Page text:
Ashim Mitra allegedly made millions by selling an Indian American graduate student’s research.
At a time when one is constantly updated by news of Indian Americans making great leaps in academics, this news comes as a distressing moment.
Professor Ashim Mitra, who taught at University of Missouri-Kansas City, is accused of stealing and selling his graduate student’s research work.
The University of Missouri has filed a lawsuit against the professor, who has since then resigned. According to the lawsuit, Mitra swiped a path-breaking drug formulation from a student. He did not only made $1.5million by selling it but also stood to gain as much as $10 million in royalties.
Mitra’s wife, who worked in his lab, and two other pharmaceutical companies are also named in the lawsuit.
According to the lawsuit, Mitra secretly worked with the companies to develop a patent. The pharmaceutical product, which recently received FDA approval, is used to treat dry eye, a condition common in elderly.
The lawsuit seeks to designate Kishore Cholkar as the rightful owner of the patent, based on the research he conducted in 2010.
According to the university, the school is the rightful owner of the work and Mitra, by taking the credit himself, has defrauded the university.
Mitra however has denied all allegations. But according to the lawsuit, Mitra sold the research, which should have been rightfully Cholkar’s, to Auven Therapeutics Management, a pharmaceutical management company that is based in the US Virgin Islands. Auven then sold the work to Sun Pharmaceutical Industries, an India-based company for $40 million, plus continued royalties.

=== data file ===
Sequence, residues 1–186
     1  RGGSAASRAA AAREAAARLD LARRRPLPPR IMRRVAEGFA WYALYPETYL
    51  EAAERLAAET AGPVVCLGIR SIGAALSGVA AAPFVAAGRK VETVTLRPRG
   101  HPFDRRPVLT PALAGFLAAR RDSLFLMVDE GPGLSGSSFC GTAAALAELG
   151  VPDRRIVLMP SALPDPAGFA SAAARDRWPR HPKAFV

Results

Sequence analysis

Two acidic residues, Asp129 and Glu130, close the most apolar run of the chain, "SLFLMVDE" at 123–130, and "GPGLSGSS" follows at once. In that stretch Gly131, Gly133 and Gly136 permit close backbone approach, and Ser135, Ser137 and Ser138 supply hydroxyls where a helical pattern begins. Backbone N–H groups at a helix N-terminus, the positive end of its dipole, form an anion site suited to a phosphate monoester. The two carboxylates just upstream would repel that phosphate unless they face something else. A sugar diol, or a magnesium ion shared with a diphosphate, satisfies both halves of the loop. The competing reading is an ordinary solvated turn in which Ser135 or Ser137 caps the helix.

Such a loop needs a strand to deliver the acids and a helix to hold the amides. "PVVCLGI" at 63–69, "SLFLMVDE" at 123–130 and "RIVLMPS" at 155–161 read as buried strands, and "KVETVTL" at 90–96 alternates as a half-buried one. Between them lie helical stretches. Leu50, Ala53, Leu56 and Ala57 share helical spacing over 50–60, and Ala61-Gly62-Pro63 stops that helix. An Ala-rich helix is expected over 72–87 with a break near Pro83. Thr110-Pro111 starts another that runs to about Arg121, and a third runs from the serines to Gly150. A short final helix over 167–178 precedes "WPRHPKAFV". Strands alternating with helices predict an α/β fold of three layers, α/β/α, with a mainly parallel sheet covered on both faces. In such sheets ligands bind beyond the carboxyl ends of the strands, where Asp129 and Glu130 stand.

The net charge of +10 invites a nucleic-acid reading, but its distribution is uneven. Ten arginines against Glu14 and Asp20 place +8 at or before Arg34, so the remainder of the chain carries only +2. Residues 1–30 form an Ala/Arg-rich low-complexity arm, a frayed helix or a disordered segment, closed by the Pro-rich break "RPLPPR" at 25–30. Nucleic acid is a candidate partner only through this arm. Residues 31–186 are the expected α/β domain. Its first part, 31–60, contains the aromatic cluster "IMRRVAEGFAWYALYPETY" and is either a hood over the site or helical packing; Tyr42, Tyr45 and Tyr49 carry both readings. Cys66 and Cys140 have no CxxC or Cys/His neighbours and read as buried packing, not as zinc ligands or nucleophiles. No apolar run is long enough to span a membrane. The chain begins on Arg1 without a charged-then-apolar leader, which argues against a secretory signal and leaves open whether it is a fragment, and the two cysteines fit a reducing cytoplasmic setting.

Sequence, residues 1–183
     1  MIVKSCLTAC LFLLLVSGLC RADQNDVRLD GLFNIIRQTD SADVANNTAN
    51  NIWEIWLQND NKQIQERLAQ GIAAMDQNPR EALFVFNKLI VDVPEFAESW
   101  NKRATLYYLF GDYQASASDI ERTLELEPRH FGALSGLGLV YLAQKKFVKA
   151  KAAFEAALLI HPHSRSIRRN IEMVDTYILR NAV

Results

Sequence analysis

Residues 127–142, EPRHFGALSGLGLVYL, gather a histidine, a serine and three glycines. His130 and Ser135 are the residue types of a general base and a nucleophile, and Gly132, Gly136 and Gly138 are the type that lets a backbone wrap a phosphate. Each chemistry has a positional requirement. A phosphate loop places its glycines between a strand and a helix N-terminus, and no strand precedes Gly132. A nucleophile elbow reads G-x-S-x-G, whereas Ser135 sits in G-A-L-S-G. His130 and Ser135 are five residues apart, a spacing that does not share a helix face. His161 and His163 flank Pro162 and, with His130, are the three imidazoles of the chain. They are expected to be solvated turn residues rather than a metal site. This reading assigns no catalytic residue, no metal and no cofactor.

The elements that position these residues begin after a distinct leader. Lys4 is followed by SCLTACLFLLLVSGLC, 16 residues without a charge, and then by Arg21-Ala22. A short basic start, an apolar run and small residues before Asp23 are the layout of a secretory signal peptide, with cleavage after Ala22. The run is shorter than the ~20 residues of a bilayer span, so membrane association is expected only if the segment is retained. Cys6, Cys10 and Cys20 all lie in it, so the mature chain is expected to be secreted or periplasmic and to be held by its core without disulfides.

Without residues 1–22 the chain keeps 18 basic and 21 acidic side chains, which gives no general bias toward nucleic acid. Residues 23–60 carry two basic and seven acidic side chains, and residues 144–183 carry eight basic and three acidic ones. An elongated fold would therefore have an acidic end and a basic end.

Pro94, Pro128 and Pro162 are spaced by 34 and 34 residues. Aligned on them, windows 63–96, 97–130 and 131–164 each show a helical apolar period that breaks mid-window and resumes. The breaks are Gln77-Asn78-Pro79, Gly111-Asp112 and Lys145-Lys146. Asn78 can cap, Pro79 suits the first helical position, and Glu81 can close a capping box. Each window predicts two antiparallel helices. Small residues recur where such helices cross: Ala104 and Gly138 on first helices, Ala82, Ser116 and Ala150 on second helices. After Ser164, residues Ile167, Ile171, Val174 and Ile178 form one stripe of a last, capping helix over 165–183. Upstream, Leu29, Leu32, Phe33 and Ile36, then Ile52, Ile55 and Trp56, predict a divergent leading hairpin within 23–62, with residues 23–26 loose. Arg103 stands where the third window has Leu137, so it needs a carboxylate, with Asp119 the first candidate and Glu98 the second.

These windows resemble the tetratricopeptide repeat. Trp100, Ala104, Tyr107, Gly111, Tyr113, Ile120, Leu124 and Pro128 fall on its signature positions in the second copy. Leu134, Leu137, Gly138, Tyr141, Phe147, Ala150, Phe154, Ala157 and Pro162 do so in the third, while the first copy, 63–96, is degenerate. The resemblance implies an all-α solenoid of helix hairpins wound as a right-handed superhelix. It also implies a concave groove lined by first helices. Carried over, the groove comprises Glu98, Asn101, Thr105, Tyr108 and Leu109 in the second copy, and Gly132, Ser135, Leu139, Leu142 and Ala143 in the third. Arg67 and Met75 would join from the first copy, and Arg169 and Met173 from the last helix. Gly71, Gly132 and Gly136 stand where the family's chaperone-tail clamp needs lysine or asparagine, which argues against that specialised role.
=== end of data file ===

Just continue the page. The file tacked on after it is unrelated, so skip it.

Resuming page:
The university has also accused both the pharmaceutical companies of establishing contact with the university so as to avoid sharing of profits.
The former professor of pharmacy, Mitra, had courted trouble earlier, too. In 2018, he was accused of forcing students from India to do his household chores such as walking the dogs, cleaning his basements or busing the tables at social events. The Kansas City Star had then reported that the students feared losing their visas if they did not follow Mitra’s instructions.
The Star had then reported speaking to dozens of students and colleagues who had seen students performing such menial jobs for the professor. Mitra had then issued a statement to the Star, through his attorney, denying any of such charges. The lawsuit then was filed by another pharmacy professor Mridul Mukherji. However, the university, too responded to Star stating that they made repeated efforts to reach the students but none of them substantiated the claims made in the lawsuit.